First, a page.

All eyes on Anbang after Chinese state takeover

How Beijing deals with B.C. assets may shed light on future of China’s private sector

The Anbang Insurance Group-owned Bentall Centre office complex in downtown Vancouver is among the properties whose future is uncertain after the investment giant’s February takeover by the China Insurance Regulatory Commission | Chung Chow

What the Chinese government decides to do with the B.C. properties owned by Anbang Insurance Group Co. – after the investment giant was taken over by a Beijing government agency in late February – will be a major litmus test for China’s promise to be more tolerant of free-market forces.

That is the conclusion of several international business and Asian geopolitics observers in light of the February 23 announcement from Chinese state media that the China Insurance Regulatory Commission has taken control of Anbang and begun prosecuting former chairman and CEO Wu Xiaohui.

Anbang, which has been one of the most prolific Chinese buyers of foreign properties on the global market in recent years, has reportedly amassed up to $157 billion in assets as of 2015. Its B.C. holdings include the Bentall Centre office complex in downtown Vancouver – under full Anbang ownership since 2016 – and Retirement Concepts, the province’s largest owner of retirement homes. Anbang purchased the latter last year in a $1 billion deal.

“There was originally some public concern when the initial [Retirement Concepts] deal was made, and that’s been somewhat realized with what happened now,” said B.C. Health Minister Adrian Dix.

Dix noted that while most of the company’s purview falls under federal jurisdiction, the province is keeping close tabs on the situation along with both Ottawa and Pacific Reach Seniors Housing Management, the company in charge of Retirement Concepts’ local operations, since provincial funding – as well as regulation – is involved.

“With the expenditure of public funds comes responsibility,” Dix added. “So we will be vigilant in protecting our seniors by fully exercising whatever is within our rights and jurisdiction.”

A statement from Retirement Concepts confirmed that an interim management group from the Chinese government agency will oversee Anbang’s operations for one year. The statement also confirmed the Retirement Concepts’ operations remain regulated by B.C. laws and will not be affected by Anbang’s management change.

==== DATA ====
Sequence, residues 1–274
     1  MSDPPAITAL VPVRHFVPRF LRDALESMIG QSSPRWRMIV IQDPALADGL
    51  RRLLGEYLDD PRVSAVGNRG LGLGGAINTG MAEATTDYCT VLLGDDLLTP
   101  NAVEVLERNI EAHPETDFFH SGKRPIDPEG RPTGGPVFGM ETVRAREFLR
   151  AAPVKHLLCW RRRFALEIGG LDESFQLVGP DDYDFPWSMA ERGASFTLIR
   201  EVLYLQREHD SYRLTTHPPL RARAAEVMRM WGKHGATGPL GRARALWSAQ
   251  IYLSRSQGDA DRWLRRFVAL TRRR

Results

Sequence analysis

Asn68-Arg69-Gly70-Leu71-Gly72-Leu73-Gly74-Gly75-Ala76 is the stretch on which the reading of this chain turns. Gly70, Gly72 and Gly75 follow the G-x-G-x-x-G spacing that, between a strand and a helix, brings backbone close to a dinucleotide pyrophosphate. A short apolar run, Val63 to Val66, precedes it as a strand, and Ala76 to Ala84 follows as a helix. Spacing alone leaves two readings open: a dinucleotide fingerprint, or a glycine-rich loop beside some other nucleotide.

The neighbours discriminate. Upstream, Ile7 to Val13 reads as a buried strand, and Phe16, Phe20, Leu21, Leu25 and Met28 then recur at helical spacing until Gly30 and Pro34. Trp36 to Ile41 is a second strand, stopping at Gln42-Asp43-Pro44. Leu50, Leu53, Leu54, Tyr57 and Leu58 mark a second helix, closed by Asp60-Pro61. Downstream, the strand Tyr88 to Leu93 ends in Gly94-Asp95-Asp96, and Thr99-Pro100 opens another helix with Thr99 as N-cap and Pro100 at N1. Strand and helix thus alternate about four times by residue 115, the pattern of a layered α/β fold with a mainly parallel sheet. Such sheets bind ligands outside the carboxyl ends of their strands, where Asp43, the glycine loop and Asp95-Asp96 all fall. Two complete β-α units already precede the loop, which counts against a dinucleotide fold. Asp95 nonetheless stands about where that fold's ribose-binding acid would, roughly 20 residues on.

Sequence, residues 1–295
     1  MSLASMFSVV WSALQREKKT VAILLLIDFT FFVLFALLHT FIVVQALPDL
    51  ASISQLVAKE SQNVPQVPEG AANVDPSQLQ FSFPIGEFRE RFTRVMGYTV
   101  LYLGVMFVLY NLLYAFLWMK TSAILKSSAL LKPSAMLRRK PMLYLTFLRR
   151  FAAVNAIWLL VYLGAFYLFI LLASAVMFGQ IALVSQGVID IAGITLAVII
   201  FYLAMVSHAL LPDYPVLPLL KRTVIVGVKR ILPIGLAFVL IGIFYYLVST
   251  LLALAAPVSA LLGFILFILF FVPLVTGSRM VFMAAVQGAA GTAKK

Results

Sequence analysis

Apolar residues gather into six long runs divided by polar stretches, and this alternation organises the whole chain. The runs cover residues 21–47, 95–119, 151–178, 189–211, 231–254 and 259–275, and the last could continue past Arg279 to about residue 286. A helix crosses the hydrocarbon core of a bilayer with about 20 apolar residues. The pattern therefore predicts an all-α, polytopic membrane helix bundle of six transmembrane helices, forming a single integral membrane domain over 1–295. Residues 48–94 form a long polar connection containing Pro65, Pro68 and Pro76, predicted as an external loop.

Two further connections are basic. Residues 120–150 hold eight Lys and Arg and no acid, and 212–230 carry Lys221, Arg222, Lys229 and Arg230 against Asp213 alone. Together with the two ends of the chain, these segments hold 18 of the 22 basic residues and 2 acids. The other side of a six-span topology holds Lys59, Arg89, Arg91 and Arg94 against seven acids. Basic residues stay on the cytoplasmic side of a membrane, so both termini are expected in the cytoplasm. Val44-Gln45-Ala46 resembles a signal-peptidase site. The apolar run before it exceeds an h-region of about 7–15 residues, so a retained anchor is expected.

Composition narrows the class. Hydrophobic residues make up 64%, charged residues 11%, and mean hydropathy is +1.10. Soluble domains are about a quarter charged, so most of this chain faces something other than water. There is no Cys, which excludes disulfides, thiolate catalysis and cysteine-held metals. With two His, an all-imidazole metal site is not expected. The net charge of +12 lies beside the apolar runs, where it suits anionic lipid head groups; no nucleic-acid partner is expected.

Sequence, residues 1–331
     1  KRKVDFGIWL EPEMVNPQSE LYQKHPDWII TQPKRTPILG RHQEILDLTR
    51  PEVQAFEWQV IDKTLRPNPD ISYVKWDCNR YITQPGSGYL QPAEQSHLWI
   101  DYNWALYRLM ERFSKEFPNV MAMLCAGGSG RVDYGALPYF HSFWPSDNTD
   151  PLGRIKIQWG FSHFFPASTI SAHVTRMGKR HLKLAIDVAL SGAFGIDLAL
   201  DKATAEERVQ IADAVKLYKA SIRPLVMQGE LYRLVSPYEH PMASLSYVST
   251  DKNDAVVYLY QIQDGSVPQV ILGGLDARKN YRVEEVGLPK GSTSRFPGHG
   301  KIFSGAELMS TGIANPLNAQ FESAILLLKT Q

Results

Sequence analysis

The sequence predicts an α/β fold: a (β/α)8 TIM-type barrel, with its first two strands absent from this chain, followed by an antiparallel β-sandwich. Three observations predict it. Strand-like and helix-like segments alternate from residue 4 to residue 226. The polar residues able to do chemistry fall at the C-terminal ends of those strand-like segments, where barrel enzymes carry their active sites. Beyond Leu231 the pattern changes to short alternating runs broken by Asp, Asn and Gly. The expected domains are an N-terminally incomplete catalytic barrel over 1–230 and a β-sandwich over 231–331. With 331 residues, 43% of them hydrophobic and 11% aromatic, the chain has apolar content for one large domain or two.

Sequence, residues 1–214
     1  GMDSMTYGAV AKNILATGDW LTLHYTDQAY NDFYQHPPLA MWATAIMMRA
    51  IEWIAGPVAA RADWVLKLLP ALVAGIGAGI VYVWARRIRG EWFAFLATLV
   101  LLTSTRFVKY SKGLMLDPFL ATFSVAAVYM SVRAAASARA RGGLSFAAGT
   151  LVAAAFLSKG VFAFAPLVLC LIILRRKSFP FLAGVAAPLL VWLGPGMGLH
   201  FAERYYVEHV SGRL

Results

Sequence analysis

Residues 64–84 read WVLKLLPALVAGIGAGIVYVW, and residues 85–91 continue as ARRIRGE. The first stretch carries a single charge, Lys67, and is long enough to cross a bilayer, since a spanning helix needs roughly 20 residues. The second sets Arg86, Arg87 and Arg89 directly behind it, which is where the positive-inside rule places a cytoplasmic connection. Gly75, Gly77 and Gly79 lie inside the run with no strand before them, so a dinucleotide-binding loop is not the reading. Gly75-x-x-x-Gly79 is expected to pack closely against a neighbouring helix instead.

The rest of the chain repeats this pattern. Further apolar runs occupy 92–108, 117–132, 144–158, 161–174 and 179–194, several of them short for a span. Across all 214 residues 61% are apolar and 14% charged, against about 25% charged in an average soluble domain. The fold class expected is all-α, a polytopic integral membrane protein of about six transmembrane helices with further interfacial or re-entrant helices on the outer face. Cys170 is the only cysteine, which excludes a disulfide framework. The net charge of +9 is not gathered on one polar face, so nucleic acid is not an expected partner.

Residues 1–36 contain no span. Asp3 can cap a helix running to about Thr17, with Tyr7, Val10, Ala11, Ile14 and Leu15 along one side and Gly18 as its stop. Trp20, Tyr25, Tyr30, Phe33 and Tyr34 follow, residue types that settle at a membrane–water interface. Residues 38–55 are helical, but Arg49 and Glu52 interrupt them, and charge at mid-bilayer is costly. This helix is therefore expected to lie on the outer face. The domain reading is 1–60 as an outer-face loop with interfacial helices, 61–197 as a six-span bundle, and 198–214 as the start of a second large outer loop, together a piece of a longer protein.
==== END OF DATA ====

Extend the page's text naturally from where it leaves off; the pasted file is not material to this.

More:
“No potential change is coming,” said Sheri Brown, marketing director for Pacific Reach. “And all our residents are quite happy.”

But just because Retirement Concepts appears to be untouched does not mean the same will apply elsewhere in B.C., said Andreas Schotter, professor of international business at the University of Western Ontario’s Ivey Business School.

Schotter, a former business executive in China, said it is likely Beijing will take a case-by-case approach with each Anbang property, since the move to take over Anbang was ostensibly to curtail “illegal business practices” of the company and to manage its potentially problematic levels of corporate debt. In that sense, he surmised that overseas properties acquired by Anbang at a premium – with no consideration of cash flow or business efficiencies – will more likely be considered for a sale.

“It all depends on which ones of the investments yield positive returns and cash flow in the short run,” Schotter said. “Bentall Centre is certainly not in this category, as it was acquired at a premium. The question is, will it be sold at a loss? Retirement Concepts has the potential to generate cash flow and growth – so that’s more likely to be kept.”

What is more interesting than what happens with Anbang’s B.C. properties, Schotter added, is how Beijing deals with the company’s overall management – which may have huge ramifications in China’s direction in dealing with the private sector. He cited the takeover essentially as China’s version of the “too big to fail” phenomenon, similar to what happened with American International Group (NYSE:AIG) and General Motors (NYSE:GM) in the 2008 financial crisis in the United States.

Anbang had about 30 million Chinese life insurance clients.

“The bigger question is, how does the government want to claw back some of the massive capital flight that has happened out of China, where essentially wealthy investors or companies – flooded with investment cash – bought foreign assets, often at premium multiple times the current value, just to get money out of the country?” Schotter noted.

“I suspect, though, that it is a much bigger problem, and some sense of objectivity needs to be the foundation of this. The danger is that the phenomenon is already too widespread, and that countermeasures from Beijing resemble a crackdown and are based on some personal – rather than purely regulatory – grounds.”

Yves Tiberghien, director emeritus of the University of British Columbia’s Institute of Asian Research, said Beijing’s next steps for Anbang are completely unpredictable, since there are no precedents for a Chinese government takeover of a private company with the global scale of Anbang. But he agreed with Schotter that what Beijing chooses to do will say much about the country’s direction in governing the private sector – which may include Canadian companies doing business in China.